Are you playing renovation roulette?

01 November 2014

AlburyCity is supporting national Asbestos Awareness Month this November and encouraging residents, builders and renovators to educate themselves about the dangers of asbestos.

People are urged to visit or to find out more about asbestos and what to do if you find asbestos in your property.

AlburyCity's Team Leader of Building Surveying Warren Jenkinson said it was important people knew the facts about asbestos.

"Many people wrongly believe that only fibro homes contain asbestos. Asbestos products can most likely be found in any Australian home built or renovated before 1987 even brick, weatherboard, fibro and clad homes," he said.

"There is no safe level of exposure to asbestos fibres. With at least 1 in 3 Australian homes containing asbestos, many homeowners, renovators, tradies and handymen are putting their health and the health of families at risk when doing home renovations, maintenance and demolition. That kind of work can release dangerous asbestos dust and fibres that can be inhaled and lead to asbestos-related diseases including mesothelioma."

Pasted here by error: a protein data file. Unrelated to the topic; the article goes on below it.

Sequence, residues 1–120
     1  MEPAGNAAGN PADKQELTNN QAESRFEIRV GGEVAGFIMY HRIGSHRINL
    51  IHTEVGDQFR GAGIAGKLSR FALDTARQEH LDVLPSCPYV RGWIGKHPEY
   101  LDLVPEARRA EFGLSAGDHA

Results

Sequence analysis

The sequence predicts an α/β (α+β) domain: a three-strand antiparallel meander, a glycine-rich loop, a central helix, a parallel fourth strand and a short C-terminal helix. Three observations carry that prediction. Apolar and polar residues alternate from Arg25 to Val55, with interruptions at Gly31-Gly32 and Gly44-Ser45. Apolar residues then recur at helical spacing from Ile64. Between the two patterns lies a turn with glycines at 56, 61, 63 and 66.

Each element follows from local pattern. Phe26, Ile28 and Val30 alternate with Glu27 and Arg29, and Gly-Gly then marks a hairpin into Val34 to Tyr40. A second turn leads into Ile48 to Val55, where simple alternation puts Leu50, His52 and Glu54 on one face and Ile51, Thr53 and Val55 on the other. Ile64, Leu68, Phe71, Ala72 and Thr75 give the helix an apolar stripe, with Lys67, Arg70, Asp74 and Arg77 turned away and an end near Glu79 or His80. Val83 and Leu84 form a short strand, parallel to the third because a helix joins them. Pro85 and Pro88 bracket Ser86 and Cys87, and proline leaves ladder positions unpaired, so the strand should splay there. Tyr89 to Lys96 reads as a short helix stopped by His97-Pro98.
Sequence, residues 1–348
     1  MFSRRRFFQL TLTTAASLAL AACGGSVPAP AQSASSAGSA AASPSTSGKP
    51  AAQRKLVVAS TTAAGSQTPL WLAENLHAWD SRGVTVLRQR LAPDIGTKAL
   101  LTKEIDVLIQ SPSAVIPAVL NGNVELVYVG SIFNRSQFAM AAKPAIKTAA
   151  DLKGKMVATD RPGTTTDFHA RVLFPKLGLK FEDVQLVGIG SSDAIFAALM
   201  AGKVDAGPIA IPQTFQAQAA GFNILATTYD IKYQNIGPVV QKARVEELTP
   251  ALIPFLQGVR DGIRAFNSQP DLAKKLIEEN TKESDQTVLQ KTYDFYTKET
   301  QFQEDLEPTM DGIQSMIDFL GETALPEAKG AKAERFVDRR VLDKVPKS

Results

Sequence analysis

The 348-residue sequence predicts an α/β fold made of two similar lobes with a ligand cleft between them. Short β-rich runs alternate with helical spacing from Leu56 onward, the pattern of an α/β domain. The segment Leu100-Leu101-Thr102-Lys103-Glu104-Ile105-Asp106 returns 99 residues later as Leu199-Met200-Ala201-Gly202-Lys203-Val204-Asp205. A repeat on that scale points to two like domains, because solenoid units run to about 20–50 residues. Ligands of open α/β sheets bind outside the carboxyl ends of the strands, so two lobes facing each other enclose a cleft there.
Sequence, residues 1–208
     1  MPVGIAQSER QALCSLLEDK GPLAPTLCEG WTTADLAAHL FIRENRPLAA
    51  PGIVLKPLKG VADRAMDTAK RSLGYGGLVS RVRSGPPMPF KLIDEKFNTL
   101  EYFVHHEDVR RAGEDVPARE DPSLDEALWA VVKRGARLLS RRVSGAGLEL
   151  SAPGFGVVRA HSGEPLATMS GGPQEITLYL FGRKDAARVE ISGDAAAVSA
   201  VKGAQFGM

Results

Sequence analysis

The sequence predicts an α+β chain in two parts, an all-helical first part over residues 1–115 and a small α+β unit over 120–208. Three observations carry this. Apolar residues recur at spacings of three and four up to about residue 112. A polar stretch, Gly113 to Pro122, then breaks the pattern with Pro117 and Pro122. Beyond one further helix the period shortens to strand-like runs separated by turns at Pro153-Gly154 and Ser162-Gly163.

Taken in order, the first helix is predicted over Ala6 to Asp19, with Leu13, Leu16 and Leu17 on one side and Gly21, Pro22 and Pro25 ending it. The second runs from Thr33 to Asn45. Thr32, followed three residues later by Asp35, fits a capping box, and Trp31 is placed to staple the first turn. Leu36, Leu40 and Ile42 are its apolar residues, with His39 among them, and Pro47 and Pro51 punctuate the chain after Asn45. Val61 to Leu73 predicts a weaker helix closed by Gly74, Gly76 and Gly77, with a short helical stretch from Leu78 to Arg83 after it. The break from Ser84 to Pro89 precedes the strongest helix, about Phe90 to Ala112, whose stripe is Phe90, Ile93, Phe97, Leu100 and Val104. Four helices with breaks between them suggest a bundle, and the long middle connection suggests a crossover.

Asbestos can be found in kitchens, bathrooms, laundries and under floor coverings, behind wall and floor tiles, in cement floors, internal and external walls, garages, ceilings and ceiling space (insulation), eaves, fences, extensions to homes, and backyard sheds.

Mesothelioma is a cancer that mostly affects the lining of the lungs and develops between 20-50 years after inhaling asbestos fibres. There is no cure and the average survival time after diagnosis is 10-12 months. Inhaling asbestos fibres may also cause other diseases such as lung cancer, asbestosis and benign pleural disease.

Peter Dunphy Chair of the Asbestos Education Committee that conducts the national Asbestos Awareness campaign commended Council for its commitment to informing residents about the dangers of asbestos.

"We know that Australia has one of the highest rates of asbestos-related diseases in the world because Australia was among the highest consumers of asbestos products until a complete ban of asbestos came into force in Australia in 2003," Mr Dunphy said.

"However, there is still a high volume of asbestos-containing building products used prior to 1987 which remain hidden dangers in homes and buildings such as garages and farm structures so it's critical that all Australians become asbestos aware."